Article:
Stop Fretting and Start Doing
How good does it have to be? This is a challenge I offer to many of the professionals I work with, who procrastinate and suffer for days and weeks, because they fear their completed projects won’t be perfect.
The fear of failure, disappointment and of disappointing others can be immobilizing and at times destructive for many of us.
In an effort to avoid this emotional discomfort, many professionals will look for something less stressful and less emotionally taxing to attend to. This re-focusing will afford short run relief, but will eventually add to the discomfort as the avoidance will inevitably raise their level of anxiety.
Each day a project or task is avoided leads to another layer of worry and anxiety as deadlines approach and procrastination increases. The beast grows until you fear it will devour you. Eventually you can’t avoid your worry as you ponder over and over the beginning, middle and end of the project that is never quite out of your mind and never quite started. As the deadline approaches you scramble, much the way fighter pilots race to their planes when a red alert is sounded. You muster all of your creative energy and work frenetically late into the wee hours and complete the assignment just as the final bell tolls. You experience a great sense of relief and feel emotionally and physically drained and promise yourself, “Never Again." You swear you will start earlier the next time something is due and complete the assignment with plenty of time to spare. And the cycle of what if and avoiding begins anew.
While this pattern of what if and avoidance can be frustrating, disheartening and destructive at times it does not have to eternally rule your behavior and moods. This pattern can be reshaped with mindful focus and a willingness to adapt new behaviors.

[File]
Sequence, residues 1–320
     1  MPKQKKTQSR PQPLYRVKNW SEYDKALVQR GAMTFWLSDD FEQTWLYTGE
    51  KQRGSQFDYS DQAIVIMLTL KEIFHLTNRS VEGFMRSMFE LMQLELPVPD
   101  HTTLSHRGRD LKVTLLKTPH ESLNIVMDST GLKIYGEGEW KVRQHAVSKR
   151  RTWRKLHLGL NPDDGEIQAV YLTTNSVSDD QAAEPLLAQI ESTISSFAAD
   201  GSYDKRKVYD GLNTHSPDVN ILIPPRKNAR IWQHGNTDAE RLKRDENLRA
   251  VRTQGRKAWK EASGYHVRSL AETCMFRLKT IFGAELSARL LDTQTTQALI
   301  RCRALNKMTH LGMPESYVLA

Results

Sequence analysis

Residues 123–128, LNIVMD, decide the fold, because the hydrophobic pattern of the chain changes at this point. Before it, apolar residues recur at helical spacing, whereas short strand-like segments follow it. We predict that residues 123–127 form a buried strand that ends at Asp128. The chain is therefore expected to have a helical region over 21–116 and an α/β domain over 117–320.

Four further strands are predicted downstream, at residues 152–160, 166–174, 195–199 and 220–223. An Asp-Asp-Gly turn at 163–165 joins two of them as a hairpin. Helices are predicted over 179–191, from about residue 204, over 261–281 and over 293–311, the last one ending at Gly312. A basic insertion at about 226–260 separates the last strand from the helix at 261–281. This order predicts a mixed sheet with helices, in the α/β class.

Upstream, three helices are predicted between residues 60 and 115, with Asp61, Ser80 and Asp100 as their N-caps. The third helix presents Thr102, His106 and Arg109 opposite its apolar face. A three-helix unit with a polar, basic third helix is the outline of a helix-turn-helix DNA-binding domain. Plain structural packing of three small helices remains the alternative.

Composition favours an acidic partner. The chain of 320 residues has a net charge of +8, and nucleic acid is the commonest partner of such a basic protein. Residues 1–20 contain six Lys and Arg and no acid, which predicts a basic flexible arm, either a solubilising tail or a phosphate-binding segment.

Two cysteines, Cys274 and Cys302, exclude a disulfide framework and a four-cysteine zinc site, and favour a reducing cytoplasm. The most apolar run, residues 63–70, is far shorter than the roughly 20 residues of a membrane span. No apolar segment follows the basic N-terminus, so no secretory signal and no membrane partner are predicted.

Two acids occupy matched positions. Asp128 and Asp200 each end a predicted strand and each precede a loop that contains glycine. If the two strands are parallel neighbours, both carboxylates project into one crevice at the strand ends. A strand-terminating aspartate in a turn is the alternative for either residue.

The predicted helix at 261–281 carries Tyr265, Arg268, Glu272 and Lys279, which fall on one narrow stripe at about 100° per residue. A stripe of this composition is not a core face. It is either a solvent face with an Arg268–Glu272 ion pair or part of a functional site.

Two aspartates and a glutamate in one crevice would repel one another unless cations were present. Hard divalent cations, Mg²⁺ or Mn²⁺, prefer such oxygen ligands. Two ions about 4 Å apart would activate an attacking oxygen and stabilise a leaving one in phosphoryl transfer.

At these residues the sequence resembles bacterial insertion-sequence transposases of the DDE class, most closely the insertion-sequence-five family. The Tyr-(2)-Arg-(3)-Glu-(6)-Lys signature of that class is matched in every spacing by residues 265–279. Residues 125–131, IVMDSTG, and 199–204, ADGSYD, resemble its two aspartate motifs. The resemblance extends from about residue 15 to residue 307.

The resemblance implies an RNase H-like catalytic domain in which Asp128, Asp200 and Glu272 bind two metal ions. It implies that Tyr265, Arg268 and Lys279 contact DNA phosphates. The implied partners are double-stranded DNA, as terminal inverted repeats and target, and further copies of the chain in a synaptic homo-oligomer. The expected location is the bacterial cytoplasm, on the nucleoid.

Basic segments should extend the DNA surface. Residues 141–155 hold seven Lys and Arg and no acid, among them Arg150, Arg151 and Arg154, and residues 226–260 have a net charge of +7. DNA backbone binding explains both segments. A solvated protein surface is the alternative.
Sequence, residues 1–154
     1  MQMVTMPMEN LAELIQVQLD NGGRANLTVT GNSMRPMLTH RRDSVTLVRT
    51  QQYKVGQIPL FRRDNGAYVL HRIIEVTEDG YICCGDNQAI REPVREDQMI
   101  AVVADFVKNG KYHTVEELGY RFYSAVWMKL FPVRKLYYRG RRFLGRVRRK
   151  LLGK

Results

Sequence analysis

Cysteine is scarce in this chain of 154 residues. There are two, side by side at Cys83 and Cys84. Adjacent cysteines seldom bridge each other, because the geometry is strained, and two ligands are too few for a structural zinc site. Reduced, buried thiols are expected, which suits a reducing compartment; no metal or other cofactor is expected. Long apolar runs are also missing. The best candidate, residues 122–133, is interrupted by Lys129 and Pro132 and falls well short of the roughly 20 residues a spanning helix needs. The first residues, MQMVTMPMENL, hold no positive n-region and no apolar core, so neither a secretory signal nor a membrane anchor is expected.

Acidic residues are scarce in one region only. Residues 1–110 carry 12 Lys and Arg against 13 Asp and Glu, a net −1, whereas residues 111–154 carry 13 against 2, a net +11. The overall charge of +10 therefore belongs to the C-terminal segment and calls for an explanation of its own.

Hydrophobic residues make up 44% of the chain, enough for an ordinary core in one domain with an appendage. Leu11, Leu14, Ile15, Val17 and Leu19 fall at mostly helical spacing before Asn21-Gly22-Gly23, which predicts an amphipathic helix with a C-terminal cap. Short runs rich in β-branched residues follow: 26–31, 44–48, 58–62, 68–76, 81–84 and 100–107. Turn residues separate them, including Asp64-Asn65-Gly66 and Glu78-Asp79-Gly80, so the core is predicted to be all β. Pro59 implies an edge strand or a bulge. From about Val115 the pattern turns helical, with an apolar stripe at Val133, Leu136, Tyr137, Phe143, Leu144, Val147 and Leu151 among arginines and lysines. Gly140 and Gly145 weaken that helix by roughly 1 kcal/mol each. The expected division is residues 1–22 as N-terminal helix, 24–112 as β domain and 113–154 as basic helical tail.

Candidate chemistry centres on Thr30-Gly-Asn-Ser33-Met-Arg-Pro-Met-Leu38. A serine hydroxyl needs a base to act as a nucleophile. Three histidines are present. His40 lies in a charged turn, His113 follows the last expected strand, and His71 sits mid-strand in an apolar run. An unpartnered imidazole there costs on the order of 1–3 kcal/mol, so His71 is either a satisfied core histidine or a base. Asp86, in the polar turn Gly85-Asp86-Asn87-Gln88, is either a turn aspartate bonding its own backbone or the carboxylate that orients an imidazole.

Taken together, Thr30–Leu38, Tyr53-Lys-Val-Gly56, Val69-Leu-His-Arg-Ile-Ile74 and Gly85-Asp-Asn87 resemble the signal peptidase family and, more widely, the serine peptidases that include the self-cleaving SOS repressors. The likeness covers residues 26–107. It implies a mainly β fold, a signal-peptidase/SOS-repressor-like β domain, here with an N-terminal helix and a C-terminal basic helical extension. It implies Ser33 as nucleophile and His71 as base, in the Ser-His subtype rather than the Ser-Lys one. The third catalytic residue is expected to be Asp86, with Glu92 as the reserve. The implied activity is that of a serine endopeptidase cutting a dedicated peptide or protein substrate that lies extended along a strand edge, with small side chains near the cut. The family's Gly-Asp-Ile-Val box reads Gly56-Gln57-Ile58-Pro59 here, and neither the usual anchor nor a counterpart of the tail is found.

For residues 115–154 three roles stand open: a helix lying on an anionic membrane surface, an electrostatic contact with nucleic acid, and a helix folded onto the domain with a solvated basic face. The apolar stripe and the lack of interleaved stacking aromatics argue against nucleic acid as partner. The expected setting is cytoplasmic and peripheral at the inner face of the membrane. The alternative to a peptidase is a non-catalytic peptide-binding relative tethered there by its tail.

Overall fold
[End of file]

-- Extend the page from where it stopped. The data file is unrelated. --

Here are a few tips to get you started towards procrastinating less and being proactive more.
- Build momentum by breaking the task into steps and start with the one that seems the least onerous. Reward yourself at the end of each step. Rewards can be something as simple as a cup of coffee, 10 minutes to read an article that is interesting to you or a trip to the water cooler or as grand as setting a day to do something that is fun for you.
- Get a break from the stress by alternating the more and less difficult tasks.
- Set a deadline to begin and a completion date and commit to that deadline by sharing it with someone who will hold you accountable.
- Commit some period of time daily to work on the project
- Review your progress at the end of the day or week with someone you trust.
- Take an inventory of prior consequences endured from efforts to avoid a taxing project and determine if it is worth the same level of suffering.
1. Be honest with yourself when setting an expectation. Don’t commit to a task if you know it is so difficult or burdensome that you will never even tend to it. You surely will never complete it.
2. That anxiety is a call to action. It will continue to grow as long as we avoid the situation and will subside as soon as we take control and become active.
3. Ask yourself, “How good does this have to be to be good enough”?
I assure the professionals I work with that few things in their lives will ever be perfect, but many things can and will be good enough.